Shortly after taking office in January, President Biden issued an executive order to “restrict and suspend the entry into the United States, as immigrants or nonimmigrants, of noncitizens of the United States (“noncitizens”) who were physically present within the Schengen Area, the United Kingdom (excluding overseas territories outside of Europe), the Republic of Ireland, the Federative Republic of Brazil, and the Republic of South Africa during the 14-day period preceding their entry or attempted entry into the United States.”
The executive order included exemptions for foreign diplomats and certain family members of U.S. citizens or lawful permanent residents. But these travel restrictions are still in place, and unless a person is in those categories of exceptions, it is difficult, if not quite impossible, to legally enter the U.S. from those countries. A resident of one of the listed countries could, if they had the time and money, travel to a third country that isn’t on the list, spend two weeks there, and then fly into the U.S. with less hassle.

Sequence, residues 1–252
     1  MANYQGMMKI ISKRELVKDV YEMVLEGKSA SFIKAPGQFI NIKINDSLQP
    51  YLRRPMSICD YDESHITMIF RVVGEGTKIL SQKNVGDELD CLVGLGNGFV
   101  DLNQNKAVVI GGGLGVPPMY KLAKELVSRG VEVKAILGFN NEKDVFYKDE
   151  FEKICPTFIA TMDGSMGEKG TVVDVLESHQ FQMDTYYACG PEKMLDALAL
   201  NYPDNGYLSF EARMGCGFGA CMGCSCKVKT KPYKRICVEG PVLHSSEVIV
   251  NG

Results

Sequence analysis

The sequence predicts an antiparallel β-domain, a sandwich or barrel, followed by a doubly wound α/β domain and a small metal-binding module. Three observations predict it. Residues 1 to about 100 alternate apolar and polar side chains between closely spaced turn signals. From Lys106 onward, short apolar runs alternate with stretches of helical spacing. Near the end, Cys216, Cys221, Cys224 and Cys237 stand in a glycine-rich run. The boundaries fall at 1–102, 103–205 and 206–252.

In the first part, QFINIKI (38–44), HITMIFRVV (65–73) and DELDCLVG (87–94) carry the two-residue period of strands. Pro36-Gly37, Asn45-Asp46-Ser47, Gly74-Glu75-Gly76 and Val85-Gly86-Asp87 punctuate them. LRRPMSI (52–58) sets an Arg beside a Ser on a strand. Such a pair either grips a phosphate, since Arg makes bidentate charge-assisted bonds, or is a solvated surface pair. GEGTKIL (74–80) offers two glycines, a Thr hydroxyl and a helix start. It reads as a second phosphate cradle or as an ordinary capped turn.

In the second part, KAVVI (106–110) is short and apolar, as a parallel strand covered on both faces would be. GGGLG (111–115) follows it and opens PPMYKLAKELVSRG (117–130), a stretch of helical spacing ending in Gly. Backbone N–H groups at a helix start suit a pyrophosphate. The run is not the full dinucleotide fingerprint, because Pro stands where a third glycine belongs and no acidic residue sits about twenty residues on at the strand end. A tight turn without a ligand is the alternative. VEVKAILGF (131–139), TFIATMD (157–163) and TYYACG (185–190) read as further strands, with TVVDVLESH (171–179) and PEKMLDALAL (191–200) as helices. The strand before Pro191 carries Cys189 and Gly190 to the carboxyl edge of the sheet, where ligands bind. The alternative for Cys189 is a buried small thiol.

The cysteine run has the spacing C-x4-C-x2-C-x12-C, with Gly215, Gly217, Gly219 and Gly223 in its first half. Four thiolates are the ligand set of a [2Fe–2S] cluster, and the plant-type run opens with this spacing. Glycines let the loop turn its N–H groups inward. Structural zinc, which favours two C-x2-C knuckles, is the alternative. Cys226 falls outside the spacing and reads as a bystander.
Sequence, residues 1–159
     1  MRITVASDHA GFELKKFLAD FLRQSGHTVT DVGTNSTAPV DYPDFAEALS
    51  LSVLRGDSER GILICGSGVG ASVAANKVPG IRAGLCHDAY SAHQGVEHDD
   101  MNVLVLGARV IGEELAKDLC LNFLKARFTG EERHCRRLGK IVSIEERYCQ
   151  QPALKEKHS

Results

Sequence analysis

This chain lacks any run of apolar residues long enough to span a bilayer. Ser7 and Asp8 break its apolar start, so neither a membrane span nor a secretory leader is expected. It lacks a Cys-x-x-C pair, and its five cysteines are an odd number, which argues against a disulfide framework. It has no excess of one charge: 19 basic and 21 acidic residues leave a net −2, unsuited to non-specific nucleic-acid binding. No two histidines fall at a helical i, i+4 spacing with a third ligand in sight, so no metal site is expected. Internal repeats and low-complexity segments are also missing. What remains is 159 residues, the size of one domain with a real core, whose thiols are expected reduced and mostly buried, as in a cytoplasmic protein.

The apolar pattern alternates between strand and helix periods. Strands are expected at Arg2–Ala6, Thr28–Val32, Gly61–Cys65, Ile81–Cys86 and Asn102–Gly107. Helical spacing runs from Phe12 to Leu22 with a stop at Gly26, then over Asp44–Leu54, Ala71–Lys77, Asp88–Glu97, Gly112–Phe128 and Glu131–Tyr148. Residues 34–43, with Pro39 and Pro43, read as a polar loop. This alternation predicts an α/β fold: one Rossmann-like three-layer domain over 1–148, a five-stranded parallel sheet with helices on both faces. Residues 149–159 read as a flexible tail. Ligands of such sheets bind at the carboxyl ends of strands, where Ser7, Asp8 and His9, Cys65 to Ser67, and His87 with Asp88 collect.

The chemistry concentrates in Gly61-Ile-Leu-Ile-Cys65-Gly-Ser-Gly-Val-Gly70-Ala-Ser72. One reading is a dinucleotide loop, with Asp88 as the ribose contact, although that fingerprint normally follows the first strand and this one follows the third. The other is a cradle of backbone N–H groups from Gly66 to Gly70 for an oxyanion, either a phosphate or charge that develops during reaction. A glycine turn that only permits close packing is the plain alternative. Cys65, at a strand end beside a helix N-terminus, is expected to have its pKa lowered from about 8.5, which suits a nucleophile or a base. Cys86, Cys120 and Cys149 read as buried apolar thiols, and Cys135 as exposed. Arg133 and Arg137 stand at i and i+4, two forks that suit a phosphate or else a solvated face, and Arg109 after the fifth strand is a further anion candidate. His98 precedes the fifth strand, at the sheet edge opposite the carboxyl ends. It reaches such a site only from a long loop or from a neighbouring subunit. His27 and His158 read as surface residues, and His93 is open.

Biden’s list of countries appears to be based upon countries where a significant variant had emerged – the U.K., India, Brazil, South Africa, among others. But the list of countries has not been updated, and thus it is now easier to enter the U.S. from Russia than from any of the countries listed in Biden’s executive order. Even with its official figures of dubious accuracy, Russia has the fourth or fifth most cases in the world since the start of this pandemic (the United Kingdom is close). There are not similar restrictions for Turkey, which has the seventh most; Argentina, which has the eighth most, or Colombia, which has the ninth most.
This policy does not make sense, even if you look at the world’s current COVID-19 hotspots. The Philippines ranked fifth in the world in most new cases yesterday, with more than 22,000. Turkey ranked sixth with more than 20,000; Russia ranked seventh with more than 17,000, and Malaysia ranked eighth. None of these countries are covered by Biden’s executive order.